Salvation data claim to be able to supply software that can reflash the firmware, they also supply some of the tools on the UBCD which is why I recommended it.

Here's the question that I raised.

http://www.experts-exchange.com/Hardware/Q_21645600.html

Stuart
0
 
LVL 26

Expert Comment

by:PCBONEZ
ID: 16262680
Stuart
The problem is electronic but not necessarily the actual firmware chip.
A firmware chip is effectively the same thing as a BIOS chip.
There are also I/O circuits and memory chips (the buffer) on the logic board that can fail and cause THIS problem.
0
 
LVL 4

Author Comment

by:BonRouge
ID: 16265507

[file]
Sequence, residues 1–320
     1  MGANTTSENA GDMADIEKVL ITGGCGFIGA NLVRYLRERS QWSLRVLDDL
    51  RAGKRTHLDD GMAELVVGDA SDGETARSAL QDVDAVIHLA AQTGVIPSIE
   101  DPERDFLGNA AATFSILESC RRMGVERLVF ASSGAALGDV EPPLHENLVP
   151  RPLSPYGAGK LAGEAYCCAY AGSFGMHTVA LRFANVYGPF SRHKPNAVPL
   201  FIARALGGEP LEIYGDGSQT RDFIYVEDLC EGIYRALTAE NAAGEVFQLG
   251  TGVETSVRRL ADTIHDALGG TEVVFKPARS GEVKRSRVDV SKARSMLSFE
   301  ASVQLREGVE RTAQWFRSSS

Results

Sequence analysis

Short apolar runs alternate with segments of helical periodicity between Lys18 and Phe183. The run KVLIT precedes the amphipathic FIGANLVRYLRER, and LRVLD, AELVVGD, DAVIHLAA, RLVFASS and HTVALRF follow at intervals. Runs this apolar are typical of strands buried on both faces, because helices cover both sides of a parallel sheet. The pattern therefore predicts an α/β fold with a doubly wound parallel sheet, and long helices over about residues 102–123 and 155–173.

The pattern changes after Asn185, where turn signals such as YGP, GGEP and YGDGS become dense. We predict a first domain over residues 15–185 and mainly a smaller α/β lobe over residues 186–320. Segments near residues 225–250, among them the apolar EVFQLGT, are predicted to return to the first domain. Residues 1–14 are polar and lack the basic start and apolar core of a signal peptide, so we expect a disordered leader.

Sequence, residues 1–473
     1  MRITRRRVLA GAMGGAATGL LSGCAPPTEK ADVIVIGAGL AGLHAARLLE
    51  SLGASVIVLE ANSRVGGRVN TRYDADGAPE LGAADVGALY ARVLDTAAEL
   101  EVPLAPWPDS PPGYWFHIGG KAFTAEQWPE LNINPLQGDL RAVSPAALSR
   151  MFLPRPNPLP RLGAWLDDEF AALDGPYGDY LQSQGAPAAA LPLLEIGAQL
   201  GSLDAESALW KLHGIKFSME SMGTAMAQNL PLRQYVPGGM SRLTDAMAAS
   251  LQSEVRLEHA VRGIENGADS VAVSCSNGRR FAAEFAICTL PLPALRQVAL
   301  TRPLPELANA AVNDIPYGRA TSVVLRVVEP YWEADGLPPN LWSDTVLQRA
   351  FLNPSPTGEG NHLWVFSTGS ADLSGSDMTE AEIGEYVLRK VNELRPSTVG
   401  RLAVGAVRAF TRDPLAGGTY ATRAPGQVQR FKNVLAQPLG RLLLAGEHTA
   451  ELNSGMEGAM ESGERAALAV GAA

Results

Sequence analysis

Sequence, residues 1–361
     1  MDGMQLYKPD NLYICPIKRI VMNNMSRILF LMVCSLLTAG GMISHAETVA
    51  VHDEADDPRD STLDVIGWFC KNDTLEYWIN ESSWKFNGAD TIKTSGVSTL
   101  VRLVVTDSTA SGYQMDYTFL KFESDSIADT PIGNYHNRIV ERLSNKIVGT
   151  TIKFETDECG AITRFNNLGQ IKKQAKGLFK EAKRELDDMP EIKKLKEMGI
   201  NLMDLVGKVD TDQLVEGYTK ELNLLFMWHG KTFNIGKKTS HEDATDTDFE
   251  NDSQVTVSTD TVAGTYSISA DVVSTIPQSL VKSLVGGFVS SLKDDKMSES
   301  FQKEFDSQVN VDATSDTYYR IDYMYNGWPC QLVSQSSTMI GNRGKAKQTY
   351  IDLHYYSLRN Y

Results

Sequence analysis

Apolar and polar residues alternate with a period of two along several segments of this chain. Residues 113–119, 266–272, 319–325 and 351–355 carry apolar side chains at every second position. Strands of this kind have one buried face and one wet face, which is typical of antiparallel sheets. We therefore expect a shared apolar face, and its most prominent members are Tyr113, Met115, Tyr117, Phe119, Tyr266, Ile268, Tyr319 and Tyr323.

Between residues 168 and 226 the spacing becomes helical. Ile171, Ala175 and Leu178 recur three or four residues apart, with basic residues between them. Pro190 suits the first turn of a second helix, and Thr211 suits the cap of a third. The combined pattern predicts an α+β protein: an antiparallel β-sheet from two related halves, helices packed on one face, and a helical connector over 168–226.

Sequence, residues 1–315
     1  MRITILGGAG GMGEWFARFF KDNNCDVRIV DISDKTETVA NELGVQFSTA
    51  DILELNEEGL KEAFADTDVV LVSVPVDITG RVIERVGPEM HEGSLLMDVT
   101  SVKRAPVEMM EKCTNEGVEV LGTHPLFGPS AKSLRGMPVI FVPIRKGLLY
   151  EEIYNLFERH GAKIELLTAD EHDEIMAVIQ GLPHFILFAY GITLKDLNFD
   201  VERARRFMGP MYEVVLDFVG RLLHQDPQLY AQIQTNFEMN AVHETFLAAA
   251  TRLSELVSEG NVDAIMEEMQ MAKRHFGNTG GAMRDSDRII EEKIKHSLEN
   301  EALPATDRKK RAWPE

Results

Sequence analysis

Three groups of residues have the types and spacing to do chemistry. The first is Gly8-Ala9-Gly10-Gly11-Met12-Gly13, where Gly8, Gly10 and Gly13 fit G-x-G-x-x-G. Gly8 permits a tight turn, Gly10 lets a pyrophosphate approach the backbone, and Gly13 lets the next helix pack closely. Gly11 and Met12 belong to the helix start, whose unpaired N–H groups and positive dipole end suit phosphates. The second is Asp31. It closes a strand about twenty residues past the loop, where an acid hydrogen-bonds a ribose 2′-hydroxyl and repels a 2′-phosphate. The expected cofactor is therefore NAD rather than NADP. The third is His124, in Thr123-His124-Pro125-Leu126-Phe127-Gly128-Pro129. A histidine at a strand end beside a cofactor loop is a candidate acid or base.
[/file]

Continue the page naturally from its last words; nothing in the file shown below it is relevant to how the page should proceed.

I'm still waiting for a replacement drive to take the logic board from. Someone said that if I use a logic board from a drive which is the same model but from a different lot - I guess he meant with different firmware - then all the data could be lost. What do you think?
0
 
LVL 26

Expert Comment

by:PCBONEZ
ID: 16265995
They don't put lot numbers on Maxtor hard drives. Revision numbers maybe.
That should not be an issue as long as the part numbers on the drive's PC Circuit boards are the same.
Maxtor often uses the same PC Boards on a number of different models but there is no way (I know of) to cross reference.
I've been racking my brain because I DID see an online cross reference for drive logic boards a few months ago on a data recovery site but I don't remember WHERE.
0
 
LVL 4

Author Comment

by:BonRouge
ID: 16266020
'as long as the part numbers on the drive's PC circuit boards are the same'...